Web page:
February 13, 2024
Three Tips for Making Friends as a Young Professional

As a young professional, making friends can be challenging, but these three tips can help. First, find thirty seconds of courage to make the first move or deepen a conversation. Second, embrace spontaneous and imperfect get-togethers to make time for friendship. Finally, learn your new friend's love languages to strengthen your connection. Above all, pray and ask God to guide your steps in finding new friendships.


Elizabeth Laing Thompson

Remember how easy it was to make friends on the playground? The moment your feet hit the mulch, your little eye surveyed all the kids, quickly locking in on any girl who looked remotely your age. And then you’d just . . . go for it. You’d march up to her, say, “Wanna play?” and by the end of the hour you’d be swapping friendship bracelets. I suspect this openhearted approach to friendship is one of many reasons Jesus told us to “become like little children” (Matthew 18:3).

As we get older, it takes more than just “Hey, we’re kind of the same age!” to feel close. And once we enter the professional world, demanding work schedules can make our lives increasingly isolated. Even so, we still long for the treasure of true friendship. If you’re looking to find a new friend as a young professional, these three tips can get you started.

1. Find thirty seconds of brave.

Sometimes thirty seconds of brave is all it takes to make a new friend—or take a potential friendship to the next level:

You find yourself in conversation with a new coworker, the girl pounding away on her laptop at the table beside you at Starbucks, or the woman setting up her mat beside you in an exercise class, and you think, I’d love to get to know her better—but how do I make the first move? Just find thirty seconds of courage. Channel your childhood self, the one who was fearless on the playground. Push one daring sentence past the lump in your throat: “Hey, you wanna . . . meet for coffee . . . try a barre class with me?” By putting yourself out there, you give God room to work.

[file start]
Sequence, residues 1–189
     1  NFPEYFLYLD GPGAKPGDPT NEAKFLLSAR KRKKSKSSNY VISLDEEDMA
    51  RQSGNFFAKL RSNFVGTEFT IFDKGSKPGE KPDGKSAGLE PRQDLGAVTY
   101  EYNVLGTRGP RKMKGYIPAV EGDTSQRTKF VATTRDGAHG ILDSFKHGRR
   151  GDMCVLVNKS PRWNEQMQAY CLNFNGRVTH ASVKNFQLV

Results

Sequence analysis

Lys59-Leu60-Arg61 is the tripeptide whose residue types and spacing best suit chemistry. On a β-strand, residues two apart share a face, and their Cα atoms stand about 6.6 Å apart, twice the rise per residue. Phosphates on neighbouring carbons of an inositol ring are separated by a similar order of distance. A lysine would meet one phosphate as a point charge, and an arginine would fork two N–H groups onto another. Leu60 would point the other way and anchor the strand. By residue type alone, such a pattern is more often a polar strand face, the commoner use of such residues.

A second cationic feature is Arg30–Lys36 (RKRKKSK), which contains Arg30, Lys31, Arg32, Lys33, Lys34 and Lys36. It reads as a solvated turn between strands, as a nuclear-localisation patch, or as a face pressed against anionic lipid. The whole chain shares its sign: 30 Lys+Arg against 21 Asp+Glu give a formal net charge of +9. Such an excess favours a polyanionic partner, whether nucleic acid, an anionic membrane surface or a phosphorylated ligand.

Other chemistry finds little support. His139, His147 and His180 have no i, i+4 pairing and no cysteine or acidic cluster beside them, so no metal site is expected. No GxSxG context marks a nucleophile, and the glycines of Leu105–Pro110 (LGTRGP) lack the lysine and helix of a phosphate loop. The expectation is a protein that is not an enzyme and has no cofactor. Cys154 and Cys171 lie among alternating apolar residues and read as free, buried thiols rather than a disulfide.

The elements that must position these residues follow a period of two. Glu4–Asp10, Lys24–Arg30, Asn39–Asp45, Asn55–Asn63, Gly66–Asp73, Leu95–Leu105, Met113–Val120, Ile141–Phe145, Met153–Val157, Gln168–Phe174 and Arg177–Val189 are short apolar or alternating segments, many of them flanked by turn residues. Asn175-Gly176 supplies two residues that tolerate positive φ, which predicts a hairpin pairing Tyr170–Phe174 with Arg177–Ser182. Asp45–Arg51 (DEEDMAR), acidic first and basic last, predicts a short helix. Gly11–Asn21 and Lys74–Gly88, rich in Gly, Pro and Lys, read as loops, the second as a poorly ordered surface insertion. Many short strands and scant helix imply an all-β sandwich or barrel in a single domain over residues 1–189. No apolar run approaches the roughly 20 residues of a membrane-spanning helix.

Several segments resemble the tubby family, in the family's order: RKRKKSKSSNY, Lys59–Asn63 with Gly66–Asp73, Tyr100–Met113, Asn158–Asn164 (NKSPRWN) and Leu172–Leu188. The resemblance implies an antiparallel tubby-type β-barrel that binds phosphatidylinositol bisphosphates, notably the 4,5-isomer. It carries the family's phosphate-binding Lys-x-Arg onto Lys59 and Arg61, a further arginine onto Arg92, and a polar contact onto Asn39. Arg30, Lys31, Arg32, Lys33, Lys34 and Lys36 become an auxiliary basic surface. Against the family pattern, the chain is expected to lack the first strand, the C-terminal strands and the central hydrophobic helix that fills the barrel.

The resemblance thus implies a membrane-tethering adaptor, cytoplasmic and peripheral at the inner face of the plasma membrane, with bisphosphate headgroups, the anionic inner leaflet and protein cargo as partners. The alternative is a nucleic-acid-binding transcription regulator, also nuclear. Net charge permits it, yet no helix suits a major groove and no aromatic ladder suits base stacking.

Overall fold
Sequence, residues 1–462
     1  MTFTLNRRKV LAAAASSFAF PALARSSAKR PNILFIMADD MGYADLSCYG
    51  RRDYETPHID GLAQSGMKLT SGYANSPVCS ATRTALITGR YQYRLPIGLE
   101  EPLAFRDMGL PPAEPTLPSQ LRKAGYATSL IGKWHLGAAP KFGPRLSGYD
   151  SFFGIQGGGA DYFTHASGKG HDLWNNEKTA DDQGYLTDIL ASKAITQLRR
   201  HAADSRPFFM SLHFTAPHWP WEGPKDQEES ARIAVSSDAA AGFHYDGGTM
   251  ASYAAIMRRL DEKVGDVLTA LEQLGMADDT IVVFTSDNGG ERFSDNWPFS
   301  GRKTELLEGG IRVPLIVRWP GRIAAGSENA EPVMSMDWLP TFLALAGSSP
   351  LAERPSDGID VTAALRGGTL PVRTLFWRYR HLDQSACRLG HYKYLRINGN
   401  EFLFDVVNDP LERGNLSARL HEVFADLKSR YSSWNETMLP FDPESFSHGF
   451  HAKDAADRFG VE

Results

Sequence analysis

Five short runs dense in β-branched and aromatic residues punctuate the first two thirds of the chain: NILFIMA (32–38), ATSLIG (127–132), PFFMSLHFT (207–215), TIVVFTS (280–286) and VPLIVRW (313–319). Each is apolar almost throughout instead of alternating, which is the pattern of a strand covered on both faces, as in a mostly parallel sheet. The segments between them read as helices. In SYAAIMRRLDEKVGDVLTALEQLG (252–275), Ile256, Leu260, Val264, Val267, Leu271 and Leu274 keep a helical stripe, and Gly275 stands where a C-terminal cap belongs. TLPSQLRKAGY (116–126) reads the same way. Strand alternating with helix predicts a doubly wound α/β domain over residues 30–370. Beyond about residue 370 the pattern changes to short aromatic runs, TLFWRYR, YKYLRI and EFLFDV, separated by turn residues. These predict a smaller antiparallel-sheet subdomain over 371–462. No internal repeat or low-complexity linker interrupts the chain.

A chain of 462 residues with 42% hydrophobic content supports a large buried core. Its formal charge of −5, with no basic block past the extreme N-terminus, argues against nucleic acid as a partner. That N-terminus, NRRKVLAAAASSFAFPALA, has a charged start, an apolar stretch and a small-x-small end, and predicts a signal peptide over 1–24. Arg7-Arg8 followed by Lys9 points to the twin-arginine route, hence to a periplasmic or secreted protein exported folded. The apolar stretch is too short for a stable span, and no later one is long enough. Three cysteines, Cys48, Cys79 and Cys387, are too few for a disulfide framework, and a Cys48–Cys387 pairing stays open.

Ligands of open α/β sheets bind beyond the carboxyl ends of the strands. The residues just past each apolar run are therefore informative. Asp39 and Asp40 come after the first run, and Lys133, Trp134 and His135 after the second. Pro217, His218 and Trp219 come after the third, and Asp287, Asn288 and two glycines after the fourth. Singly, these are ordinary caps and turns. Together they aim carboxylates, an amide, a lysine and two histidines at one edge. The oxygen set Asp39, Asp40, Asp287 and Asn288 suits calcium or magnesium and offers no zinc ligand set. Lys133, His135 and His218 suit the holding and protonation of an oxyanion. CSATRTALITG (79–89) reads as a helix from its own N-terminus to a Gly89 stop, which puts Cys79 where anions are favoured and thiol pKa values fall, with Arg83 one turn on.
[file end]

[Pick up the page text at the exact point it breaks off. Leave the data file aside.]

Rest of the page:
Or maybe you’re spending time with a potential friend and an opening arises where you could take things deeper: you could share a little more about yourself, ask a more personal question, or steer the conversation in a spiritual direction. Just find thirty seconds of brave. Take the conversation a little deeper and watch what God does.

2. Embrace spontaneous and imperfect get-togethers.

Remember those teenage days when a friend would come over, and you’d go to the mall and redecorate your room and watch a movie, then you’d stretch it into a sleepover because why not? I miss those luxurious days of endless friend time too. As life goes on, it becomes more difficult to enjoy the friend time we crave: we’re all struggling to juggle work deadlines, self-care, and relationships. Planning a girls’ night out, or even an hour-long coffee date, can feel difficult-nearing-impossible. So why not make it less complicated—and less planned? If you find yourself with a couple of free hours, why not reach out to a new friend with a spontaneous, my-house-and-hair-are-a-mess-but-let’s-hang-out-anyway invitation? Messy and imperfect time together is better than no time together . . . and who knows? Sometimes the messy memories become the best memories of all.

3. Learn what makes new friends feel loved.

Mismatched expectations lead to disappointment and hurt feelings, so once you have the beginnings of a new friendship, protect and invest in the relationship by learning your friend’s love languages. If she is a words of affirmation person, thoughtful texts or encouraging cards will strengthen your connection. If she often gives others thoughtful gifts, chances are she’d love to receive small gifts too. Those gifts will signal I was thinking about you, and I care enough to give you something! If she is a quality time person, do your best to connect as consistently as you can. Small investments of intentionality and thoughtfulness will bear great dividends in your relationship over time.

Above all, pray about your desire for friendship. Ask God to guide your steps and open your eyes to see the friendships he has in store for you. It could be that he’s already positioned a new friend in your life, but you just haven’t noticed her yet or haven’t reached out. Maybe she’s the new intern at your job who wishes someone would show her around; maybe she’s the newcomer in the back row of your church, longing for community; maybe she’s the friendly girl you meet in the bookstore who is lonelier than she seems. (This happened to me! Fifteen years later, we’re still best friends!)

Ask God to open your eyes and your heart. You might find that a new friend is already waiting for you—you just have to take the first brave step.